You can take a test to get an idea of where you fall on the spectrum. Josh Davis, a psychologist at the University of Greenwich, devised both a short, simple test—meant as an extremely rough first pass for fun—and a more detailed test that will help researchers map out how many people fall along each part of the spectrum.  (Go here to take the simple test and find a link to the longer test.)

So far, Davis says, it appears that face recognition is an innate ability—not learned, for the most part—and that it’s distributed on a bell curve, like IQ. No particular genes have been linked to the ability, but a 2010 study found that face-recognition ability was very similar in identical twins, compared with fraternal twins, a first indicator of a genetic link to this skill. What’s more, prosopagnosia or “face-blindness” is tied to the fusiform face region, slivers that run along the bottom of the brain near the back of your head. That’s probably a good place to look for evidence of differential brain activity in super-recognizers as well.

London's police super-recognizers identified Arnis Zalkalns as the potential killer of Alice Gross based on CCTV images. Photograph courtesy of Metropolitan Police/PA Wire
London’s police super-recognizers identified Arnis Zalkalns as the potential killer of Alice Gross based on CCTV images. Photograph courtesy of Metropolitan Police/PA Wire

So what percentage of people might be super-recognizers? Davis says that depends where you decide to draw the line, but certainly fewer than 1 percent of people fall into the tail end of the bell curve where the truly exceptional lie.

Next is the question of how to take advantage of people with natural face-sighting superpowers. Detective Neville says that he’s had phone calls from police around the world interested in learning about his team. And White has been working with the Australian passport office to develop tests for face-matching ability and training for passport officers, who in their day-to-day work have to determine whether the stranger in front of them is the same person shown in a tiny passport photo.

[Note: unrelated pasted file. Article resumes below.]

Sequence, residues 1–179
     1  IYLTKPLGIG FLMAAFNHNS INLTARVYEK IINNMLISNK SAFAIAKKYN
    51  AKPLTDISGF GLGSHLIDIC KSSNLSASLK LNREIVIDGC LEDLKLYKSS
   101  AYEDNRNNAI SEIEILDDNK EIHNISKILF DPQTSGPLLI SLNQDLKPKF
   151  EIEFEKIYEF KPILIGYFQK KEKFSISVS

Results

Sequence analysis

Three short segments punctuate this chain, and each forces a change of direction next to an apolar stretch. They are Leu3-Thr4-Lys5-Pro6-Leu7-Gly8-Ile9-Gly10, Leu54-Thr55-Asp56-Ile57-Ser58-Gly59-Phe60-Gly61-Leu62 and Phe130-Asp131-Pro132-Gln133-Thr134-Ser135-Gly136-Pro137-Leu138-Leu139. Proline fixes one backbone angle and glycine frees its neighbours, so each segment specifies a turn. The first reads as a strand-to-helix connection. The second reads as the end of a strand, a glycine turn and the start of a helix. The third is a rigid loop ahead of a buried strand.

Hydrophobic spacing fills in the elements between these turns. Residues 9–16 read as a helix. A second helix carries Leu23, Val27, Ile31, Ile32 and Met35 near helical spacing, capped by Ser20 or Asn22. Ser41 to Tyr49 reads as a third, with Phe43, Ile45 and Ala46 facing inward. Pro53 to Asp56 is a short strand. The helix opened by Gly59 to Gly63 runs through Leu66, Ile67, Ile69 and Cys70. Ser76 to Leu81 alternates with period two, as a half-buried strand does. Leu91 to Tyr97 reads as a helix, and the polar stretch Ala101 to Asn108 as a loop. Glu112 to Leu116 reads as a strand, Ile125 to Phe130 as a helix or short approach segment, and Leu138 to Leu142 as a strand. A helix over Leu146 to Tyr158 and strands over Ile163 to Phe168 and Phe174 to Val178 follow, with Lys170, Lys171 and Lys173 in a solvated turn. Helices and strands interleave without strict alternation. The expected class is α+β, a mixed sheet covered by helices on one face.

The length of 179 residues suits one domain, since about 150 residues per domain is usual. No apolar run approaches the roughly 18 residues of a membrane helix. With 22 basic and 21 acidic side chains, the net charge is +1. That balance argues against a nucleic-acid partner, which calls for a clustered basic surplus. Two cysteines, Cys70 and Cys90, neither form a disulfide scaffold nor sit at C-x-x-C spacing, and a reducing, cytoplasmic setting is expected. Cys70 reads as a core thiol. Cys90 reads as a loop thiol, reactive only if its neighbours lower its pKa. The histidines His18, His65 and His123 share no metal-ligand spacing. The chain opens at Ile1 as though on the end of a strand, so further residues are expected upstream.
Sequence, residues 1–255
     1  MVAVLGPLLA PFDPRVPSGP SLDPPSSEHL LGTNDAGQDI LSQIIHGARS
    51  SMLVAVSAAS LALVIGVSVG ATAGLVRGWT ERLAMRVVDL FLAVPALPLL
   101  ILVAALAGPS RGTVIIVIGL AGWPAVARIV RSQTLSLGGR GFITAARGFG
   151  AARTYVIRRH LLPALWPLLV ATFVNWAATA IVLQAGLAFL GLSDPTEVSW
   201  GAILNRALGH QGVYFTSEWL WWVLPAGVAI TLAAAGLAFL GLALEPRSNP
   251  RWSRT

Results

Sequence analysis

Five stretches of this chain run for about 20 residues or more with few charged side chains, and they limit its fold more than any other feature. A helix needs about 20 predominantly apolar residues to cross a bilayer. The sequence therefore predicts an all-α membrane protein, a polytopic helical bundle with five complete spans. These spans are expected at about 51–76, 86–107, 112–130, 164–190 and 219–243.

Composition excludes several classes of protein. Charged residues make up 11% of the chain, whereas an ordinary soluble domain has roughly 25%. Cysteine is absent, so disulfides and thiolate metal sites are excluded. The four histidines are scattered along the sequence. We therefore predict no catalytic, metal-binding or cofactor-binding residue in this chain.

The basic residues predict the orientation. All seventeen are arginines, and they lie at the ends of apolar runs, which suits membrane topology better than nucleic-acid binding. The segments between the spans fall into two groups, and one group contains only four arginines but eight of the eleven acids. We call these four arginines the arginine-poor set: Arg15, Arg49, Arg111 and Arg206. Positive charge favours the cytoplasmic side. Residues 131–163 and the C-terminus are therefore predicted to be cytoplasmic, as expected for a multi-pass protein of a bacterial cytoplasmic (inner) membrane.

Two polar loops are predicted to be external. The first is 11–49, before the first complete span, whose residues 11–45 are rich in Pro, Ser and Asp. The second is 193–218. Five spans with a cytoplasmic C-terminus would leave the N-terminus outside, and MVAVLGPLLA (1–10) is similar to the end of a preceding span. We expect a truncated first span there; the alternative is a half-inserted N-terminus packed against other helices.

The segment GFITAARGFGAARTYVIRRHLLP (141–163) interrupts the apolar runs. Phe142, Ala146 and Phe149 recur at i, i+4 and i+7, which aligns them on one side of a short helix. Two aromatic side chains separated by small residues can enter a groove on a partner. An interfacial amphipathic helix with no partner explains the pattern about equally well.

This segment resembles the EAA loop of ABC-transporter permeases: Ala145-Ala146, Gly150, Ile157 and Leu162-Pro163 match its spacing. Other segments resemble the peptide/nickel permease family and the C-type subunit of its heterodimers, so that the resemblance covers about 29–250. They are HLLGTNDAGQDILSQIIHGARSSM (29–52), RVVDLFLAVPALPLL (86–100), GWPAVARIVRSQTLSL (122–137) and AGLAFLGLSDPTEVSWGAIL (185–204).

In a study published Tuesday in the Proceedings of the Royal Society B, White’s team tested a group of crack forensic examiners who specialize in face image analysis to see whether they would perform better than average, and to begin understanding whether training might help to improve the skills of people who match faces for a living.

The experts, it turned out, did perform better than either untrained students or forensic experts who don’t match faces regularly. (And, by the way, did far better on tasks where facial-recognition computer algorithms typically fail.) Perhaps people with above-average skills gravitated into these positions based on their abilities. But surprisingly, the expert face-matchers showed another ability, unusual in those with “natural” face-matching skills, to identify faces that were shown upside-down. That suggests to White that the experts’ training, which emphasized breaking a face down into component parts and matching each one, may be boosting their skills beyond their natural abilities.

So perhaps there’s still some hope for those who, like me, score a pathetic 7 out of 14 on the simple face-matching test.

A bit murkier, though, is how courts around the world might respond to the introduction of evidence based on a positive ID by a super-recognizer. In the United States, judges use a legal precedent called the Daubert standard to determine whether  evidence is scientifically supported, and eyewitness IDs of all sorts have come under scrutiny. But Neville says his team’s matches are usually just the starting point for developing a criminal case, pointing police toward a suspect who can then be investigated using DNA or good old gumshoe police work, in which case the ID is more of an investigative tool than direct evidence of criminal misdeeds.

Meanwhile, the Thai police say they’re looking for more eyewitnesses in the case of their suspected bomber, and say they will “perform further tests related to existing evidence, such as fingerprints, DNA, and photos.”